(A) Representative EPR imaging of nitroxide radical decay in (A) Dicer+/+ and (B) Dicer−/− hearts. (B) Time course of average % signal change in the region of interest (ROI). Logarithmic values of signal change (normalized to the initial signal at time = 0) in the ROIs are plotted with respect to time. Decay rate constants were obtained from the slope of linear decay after peak. Line with black circles represent Dicer+/+ and line with grey circles represent Dicer−/−. (C) Bar-graph showing the measured rate constants of nitroxide reduction in the tissues. (D) Thiobarbituric acid–reactive substances (TBARS), an indicator of lipid peroxidation was measured from Dicer+/+ and Dicer−/− hearts and was significantly higher in the later. (E) Total GSSG to GSH ratio in Dicer+/+ mice heart compared to Dicer−/− heart. (F) Lactate levels measured in Dicer+/+ and Dicer−/− mice hearts.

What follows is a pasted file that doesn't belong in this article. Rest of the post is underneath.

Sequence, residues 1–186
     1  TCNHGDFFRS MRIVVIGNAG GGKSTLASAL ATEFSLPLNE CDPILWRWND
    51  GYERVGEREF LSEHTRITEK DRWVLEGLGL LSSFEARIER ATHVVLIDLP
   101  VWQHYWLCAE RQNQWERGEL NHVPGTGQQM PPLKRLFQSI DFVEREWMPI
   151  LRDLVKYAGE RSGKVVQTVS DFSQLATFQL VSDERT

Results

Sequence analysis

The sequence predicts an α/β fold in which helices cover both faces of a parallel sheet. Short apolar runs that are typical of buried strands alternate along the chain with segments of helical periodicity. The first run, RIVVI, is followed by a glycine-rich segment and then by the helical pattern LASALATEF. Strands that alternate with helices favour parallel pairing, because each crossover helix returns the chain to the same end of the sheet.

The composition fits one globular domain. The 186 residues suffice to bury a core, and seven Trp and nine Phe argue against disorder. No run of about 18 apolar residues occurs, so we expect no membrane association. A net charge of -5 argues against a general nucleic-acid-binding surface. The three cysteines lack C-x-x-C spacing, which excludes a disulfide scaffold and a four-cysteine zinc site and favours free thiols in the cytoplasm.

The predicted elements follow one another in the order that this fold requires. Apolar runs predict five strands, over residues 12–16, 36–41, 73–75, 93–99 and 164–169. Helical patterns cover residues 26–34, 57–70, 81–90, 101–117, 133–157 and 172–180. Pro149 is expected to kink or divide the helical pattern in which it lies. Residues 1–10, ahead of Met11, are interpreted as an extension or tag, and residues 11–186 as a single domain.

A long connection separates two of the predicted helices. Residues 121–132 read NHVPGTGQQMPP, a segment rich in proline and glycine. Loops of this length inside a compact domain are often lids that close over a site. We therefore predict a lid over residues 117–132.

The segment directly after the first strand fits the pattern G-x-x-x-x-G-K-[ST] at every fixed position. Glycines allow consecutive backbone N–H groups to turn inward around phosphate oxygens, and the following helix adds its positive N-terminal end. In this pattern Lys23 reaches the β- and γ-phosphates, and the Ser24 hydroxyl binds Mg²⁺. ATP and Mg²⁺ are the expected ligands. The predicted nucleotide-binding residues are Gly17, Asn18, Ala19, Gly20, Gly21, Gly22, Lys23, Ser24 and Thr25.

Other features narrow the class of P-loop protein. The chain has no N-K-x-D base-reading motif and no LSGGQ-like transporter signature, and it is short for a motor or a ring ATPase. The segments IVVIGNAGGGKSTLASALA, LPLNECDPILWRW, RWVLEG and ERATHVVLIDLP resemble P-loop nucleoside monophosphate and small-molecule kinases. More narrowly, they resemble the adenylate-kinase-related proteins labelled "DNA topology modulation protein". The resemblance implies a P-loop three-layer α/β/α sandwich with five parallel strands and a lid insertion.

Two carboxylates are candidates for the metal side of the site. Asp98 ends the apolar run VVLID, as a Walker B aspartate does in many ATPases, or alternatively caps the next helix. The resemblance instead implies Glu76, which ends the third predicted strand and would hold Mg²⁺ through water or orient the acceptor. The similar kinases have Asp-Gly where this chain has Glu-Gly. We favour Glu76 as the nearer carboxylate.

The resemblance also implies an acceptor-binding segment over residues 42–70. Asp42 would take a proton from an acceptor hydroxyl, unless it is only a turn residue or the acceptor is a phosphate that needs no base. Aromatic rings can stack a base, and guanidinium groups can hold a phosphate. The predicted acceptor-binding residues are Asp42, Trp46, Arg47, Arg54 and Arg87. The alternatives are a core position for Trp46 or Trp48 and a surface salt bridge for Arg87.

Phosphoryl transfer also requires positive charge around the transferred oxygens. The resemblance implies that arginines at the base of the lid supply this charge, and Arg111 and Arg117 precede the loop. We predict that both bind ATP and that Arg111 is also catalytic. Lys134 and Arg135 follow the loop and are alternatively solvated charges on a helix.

https://doi.org/10.1371/journal.pone.0066789.g002

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Figure 3. Dicer deletion in the adult heart leads to mitochondrial dysfunction.

(A) TMRM assay in HL-1 cells transfected with si-control and si-Dicer. (B) TMRM assay on Dicer+/+ and Dicer−/− heart sections. Bar graph quantifying TMRM fluorescence demonstrates lower TMRM fluorescence in Dicer−/− hearts (n = 3). (C) Representative TEM images of mitochondria from heart tissue. Arrows indicate mitochondria. Single mitochondria in white boxes have been zoomed into in the right panel. Labels a) indicate increased inter-cristae space as compared to the mitochondria in the Dicer+/+ heart and b) points to loss of integrity of the cristae structure. (D) Representative diagram showing experiment for RCR measurements from isolated mitochondria. (E) Respiratory coupling ratio (RCR) was significantly lower in Dicer−/− mice indicating mitochondrial dysfunction.

https://doi.org/10.1371/journal.pone.0066789.g003

Cardiac Specific Dicer Deletion Leads to Early Onset Changes in Specific miRs